# 5 – Dodging elephants in the Lower Grumeti Woodlands of the Western Serengeti. The Western Corridor is home to some of the Serengeti’s largest concentrations of elephants. Some of these elephants are notorious for exhibiting fake or demonstration charges where they rapidly approach the vehicle with ears spread, head held high and are often accompanied by an unfurling of their trunk with a loud trumpeting similar to a party noisemaker. Signs of uncertainty immediately before the charge including displacement activities like exaggerated feeding behavior (breaking off branches, etc.), swinging of the feet or swaying are usually indications for demonstration charge rather then a real charge. However, such mock charges can still be quite dramatic and the first time you witness one, you will undoubtedly remember it!
# 6 – Scouting for Cats in the Gol Kopjes, East Serengeti. The Gol Kopjes complex (called the world’s largest Japanese rock garden) extends roughly 100 square miles and covers dozens of kopjes or granite outcroppings. Hundreds of game loops bisect the constellation of kopjes and photographic opportunities abound (perhaps the best in the park). Exploring this beautiful area while checking each outcropping for lion or cheetah is always a memorable experience. One never knows what surprises may lurk on each kopje!
# 7 – Peering down at Hippos at Retina Hippo Pool, Central Serengeti. One can climb to within just a few feet of these enormous creatures. The riverbank here is about 10-feet above the pool and it is possible to climb to only a few feet away from the approximately 200 hippos that inhabit the pool. Great photography opportunities abound here as the large groups of hippos huddle together, spouting and grunting in the water.
# 8 – Tracking Rhinos at Moru Kopjes, Central Serengeti. Coming across one of these critically endangered creatures, especially in the beautiful Moru area, is a real safari treat. Moru is an excellent place to lose yourself in the magic of the Serengeti and is home to the remaining population of black rhinos in the Serengeti. Last year, there were several black rhinos reintroduced to the North Serengeti (they were flown from South Africa) and we are just now having more regularly sightings. However, nothing beats coming across one of the original rhinos in the Moru Kopjes!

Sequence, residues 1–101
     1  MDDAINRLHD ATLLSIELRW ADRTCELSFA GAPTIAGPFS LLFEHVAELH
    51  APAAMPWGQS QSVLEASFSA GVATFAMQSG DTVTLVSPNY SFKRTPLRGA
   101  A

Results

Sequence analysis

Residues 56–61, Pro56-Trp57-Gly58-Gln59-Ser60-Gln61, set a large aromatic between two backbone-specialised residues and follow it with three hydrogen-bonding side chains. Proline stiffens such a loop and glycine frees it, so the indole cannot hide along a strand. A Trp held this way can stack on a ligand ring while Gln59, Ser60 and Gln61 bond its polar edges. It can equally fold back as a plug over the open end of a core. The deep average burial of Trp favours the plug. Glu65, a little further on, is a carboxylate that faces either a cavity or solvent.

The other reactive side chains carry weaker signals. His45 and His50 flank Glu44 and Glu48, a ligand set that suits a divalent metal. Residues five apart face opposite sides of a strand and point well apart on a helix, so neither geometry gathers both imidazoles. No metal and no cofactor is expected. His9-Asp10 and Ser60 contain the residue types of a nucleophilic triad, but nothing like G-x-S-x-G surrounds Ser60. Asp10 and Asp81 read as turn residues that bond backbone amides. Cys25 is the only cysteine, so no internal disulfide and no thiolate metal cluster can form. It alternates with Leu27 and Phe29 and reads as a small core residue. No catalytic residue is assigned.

#9 – Exploring one of the more remote and off the beaten path areas. The Serengeti Ecosystem (roughly the size of Massachusetts) is so enormous that there are still plenty of opportunities to get off the beaten path and explore area where few tourists have ever traveled. Named after one of our guides, one of my favorite hidden spots (pictured below) is a place called ‘Reggie’s Kopjes’ in the East Serengeti, which is located roughly 1/2 way in the middle of a giant plain that stretches perhaps 30 miles between Naabi and Lemuta Hills. There are no roads here but rather just mile upon mile of pristine wilderness. You can climb up one of the kopjes here (just make sure there are no lions) and look east towards Lemuta Hill and Nasera Rock for arguably the finest view in the Serengeti. And, I guaranty you won’t see a single other soul. When the migration thunders through this area, this place would surely be tough to top.
#10 – Spotting Leopards along the Seronera River, Central Serengeti. The banks along the Seronera River, along with the nearby Songore River,are the best areas in Africa to find leopards. Elegance personified, leopards are notorious for being especially graceful and enigmatic. Maybe it is their stunning beauty, or perhaps their incredible power, that captures the imagination of all visitors who travel here. A study in the Serengeti found that there were 7 resident adult leopards in a 72 square mile study area in Seronera. This equates to about one leopard per ten square miles, and when cubs and a smaller proportion of nomadic leopard are factored in, Seronera boasts one of the highest concentrations of leopards in all of Africa. Click here for an excellent leopard article entitled ‘The Prince of Stealth‘.
I seem to have run out of slots and failed to mention one of the most exciting thrills anyone can receive while on safari, which is coming across one of the Serengeti’s rare and unusual inhabitants like the pangolin, bushbaby, rock python, wild dog, caracal, oryx, serval cat or bat-eared fox. Check out this posting entitled The Bizarre, Quirky, Rare and Deadly to see some of the more unusual animals that live in the Serengeti.
What are your top highlights or favorite memories from your Serengeti Safari?